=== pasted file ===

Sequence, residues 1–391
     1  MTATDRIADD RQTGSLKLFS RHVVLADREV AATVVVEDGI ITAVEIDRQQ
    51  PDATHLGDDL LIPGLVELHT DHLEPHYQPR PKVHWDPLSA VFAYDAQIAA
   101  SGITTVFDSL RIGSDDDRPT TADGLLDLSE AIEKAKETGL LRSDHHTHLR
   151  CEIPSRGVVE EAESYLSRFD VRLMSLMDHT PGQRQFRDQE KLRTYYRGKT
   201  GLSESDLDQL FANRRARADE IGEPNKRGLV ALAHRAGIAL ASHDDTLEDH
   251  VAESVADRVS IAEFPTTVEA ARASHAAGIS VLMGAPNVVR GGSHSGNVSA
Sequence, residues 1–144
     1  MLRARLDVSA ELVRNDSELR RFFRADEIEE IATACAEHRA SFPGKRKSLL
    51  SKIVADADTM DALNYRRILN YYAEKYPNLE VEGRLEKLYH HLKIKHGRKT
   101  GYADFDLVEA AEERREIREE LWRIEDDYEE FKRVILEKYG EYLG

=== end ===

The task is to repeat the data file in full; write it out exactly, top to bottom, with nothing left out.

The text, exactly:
Sequence, residues 1–391
     1  MTATDRIADD RQTGSLKLFS RHVVLADREV AATVVVEDGI ITAVEIDRQQ
    51  PDATHLGDDL LIPGLVELHT DHLEPHYQPR PKVHWDPLSA VFAYDAQIAA
   101  SGITTVFDSL RIGSDDDRPT TADGLLDLSE AIEKAKETGL LRSDHHTHLR
   151  CEIPSRGVVE EAESYLSRFD VRLMSLMDHT PGQRQFRDQE KLRTYYRGKT
   201  GLSESDLDQL FANRRARADE IGEPNKRGLV ALAHRAGIAL ASHDDTLEDH
   251  VAESVADRVS IAEFPTTVEA ARASHAAGIS VLMGAPNVVR GGSHSGNVSA
Sequence, residues 1–144
     1  MLRARLDVSA ELVRNDSELR RFFRADEIEE IATACAEHRA SFPGKRKSLL
    51  SKIVADADTM DALNYRRILN YYAEKYPNLE VEGRLEKLYH HLKIKHGRKT
   101  GYADFDLVEA AEERREIREE LWRIEDDYEE FKRVILEKYG EYLG